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Carianni v. Schwenker

Decided: November 25, 1955.


Goldmann, Freund and Conford. The opinion of the court was delivered by Conford, J.A.D.


Who is a "dependent" of the decedent, for purposes of the statute providing for recovery of damages on account of the death of a person by wrongful act, neglect or default of another? N.J.S. 2 A:31-1, 4, 5. Where lies and who is to determine the line separating the surviving relatives of the decedent who are dependents from those who may sustain "pecuniary injuries" as a result of the death but are nevertheless not dependents, wholly or in part? These are the primary questions which engage our attention on this appeal.

On the morning of August 6, 1953 Tina Carianni, aged 56, wife of the plaintiff, was crossing the Blawenburg-Rocky Hill Road in Montgomery Township, Somerset County, when she was struck and fatally injured by an automobile driven by the defendant. She was returning to a new home being constructed for their occupancy by her husband and then almost completed, after having crossed the road to borrow a knife from a neighbor in order to open the door to the house which had locked with her infant grandchild inside. The evidence concerning the circumstances of the incident consisted almost entirely of a deposition taken from the defendant and read at the trial. It requires no discussion here other than our observation that the issues with respect to liability were properly submitted to the jury.

Mrs. Carianni left as survivors, in addition to her husband, three adult daughters, Marie Moroni, 32 and married, Mildred, 29, and Virginia, 21, the latter two single at the

time of the accident but married later. The family lived in Jersey City, the unmarried daughters in the apartment of the parents, the married daughter with her husband and a small child in an apartment above that of the parents in the same house. The plaintiff husband was a carpenter.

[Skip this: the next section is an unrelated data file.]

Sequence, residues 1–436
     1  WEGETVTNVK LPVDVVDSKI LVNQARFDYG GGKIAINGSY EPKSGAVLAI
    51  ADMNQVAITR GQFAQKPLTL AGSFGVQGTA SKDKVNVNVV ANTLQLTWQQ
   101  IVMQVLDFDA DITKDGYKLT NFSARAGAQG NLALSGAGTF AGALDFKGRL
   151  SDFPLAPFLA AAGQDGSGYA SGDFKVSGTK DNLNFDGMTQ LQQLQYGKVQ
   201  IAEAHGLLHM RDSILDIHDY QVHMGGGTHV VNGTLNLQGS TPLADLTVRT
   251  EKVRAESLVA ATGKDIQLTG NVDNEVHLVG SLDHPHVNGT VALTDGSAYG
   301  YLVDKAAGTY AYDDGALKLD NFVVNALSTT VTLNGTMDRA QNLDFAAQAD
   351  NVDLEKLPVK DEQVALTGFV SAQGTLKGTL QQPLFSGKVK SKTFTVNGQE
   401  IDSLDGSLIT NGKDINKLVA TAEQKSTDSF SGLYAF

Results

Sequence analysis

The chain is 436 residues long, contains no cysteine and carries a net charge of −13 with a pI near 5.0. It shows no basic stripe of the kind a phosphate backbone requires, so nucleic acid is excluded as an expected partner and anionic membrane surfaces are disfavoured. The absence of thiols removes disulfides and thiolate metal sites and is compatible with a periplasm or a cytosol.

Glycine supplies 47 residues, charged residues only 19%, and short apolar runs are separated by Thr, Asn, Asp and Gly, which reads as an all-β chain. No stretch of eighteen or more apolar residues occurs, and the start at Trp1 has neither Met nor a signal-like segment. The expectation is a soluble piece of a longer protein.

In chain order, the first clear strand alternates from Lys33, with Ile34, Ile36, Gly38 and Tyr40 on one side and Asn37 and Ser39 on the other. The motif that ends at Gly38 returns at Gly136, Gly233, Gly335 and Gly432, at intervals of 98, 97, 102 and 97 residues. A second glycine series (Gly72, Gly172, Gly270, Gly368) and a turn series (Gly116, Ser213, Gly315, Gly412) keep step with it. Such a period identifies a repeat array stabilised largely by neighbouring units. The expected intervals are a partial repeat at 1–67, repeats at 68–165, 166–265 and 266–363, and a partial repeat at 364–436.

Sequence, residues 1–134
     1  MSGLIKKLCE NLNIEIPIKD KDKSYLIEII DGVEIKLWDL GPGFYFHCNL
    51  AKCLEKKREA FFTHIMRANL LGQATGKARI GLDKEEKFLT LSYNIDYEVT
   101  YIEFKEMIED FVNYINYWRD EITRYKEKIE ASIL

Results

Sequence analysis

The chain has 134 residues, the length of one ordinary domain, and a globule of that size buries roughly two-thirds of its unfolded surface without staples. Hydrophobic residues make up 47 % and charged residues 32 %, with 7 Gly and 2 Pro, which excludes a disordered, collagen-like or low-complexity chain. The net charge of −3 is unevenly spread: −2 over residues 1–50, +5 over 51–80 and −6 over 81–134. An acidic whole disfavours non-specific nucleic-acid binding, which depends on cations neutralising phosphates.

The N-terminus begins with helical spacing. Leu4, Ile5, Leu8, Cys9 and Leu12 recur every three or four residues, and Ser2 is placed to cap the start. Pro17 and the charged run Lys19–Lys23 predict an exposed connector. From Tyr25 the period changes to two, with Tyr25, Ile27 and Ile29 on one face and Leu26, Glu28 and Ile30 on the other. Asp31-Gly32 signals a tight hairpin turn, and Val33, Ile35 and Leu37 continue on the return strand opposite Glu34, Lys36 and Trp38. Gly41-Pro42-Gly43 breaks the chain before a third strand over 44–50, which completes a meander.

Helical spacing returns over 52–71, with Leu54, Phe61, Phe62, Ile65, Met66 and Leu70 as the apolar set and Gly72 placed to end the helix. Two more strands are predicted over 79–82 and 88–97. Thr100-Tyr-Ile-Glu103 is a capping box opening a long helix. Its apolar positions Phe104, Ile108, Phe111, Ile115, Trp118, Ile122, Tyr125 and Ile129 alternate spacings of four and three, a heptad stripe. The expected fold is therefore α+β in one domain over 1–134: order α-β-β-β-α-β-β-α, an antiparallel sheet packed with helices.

Mrs. Moroni testified that the members of her own family took most of their meals at her parents' home and that her mother took care of the child and fed it while she and her husband were at work; that the mother purchased food and clothing for the child; and that she gave her mother $20 per week but that this sum was almost entirely used up on expenditures for the child. Mrs. Moroni had a job which paid $52 per week and her husband earned $60 per week. The trial court refused to allow questions designed to elicit evidence of services rendered by the mother to the daughter, apart from the care of the child, such as laundry, sewing, house cleaning, etc., insofar as they bore upon the issue of dependency of Mrs. Moroni upon the mother, taking the position that dependency was a matter exclusively of financial assistance and that the facts showed that the witness "was not dependent upon her mother for maintenance." However, some testimony concerning the miscellaneous services by the mother referred to crept into the record collaterally. Full development of the scope and nature of the services was prevented by objections on behalf of defendant which were sustained by the court.

Virginia earned $59 per week and paid $10 per week to her mother as "board." She had breakfast and dinner at home. Attempts to elicit evidence concerning various kinds of services rendered to her by the mother were precluded on objection, the court ruling as a matter of law that an adult child earning $59 per week was not a statutory dependent of the mother no matter what services or benefits accrued to the daughter from the mother during her lifetime. Substantially similar offers of evidence and rulings attended plaintiff's attempts to show the services rendered by the mother to the daughter, Mildred, who was earning $55 per week.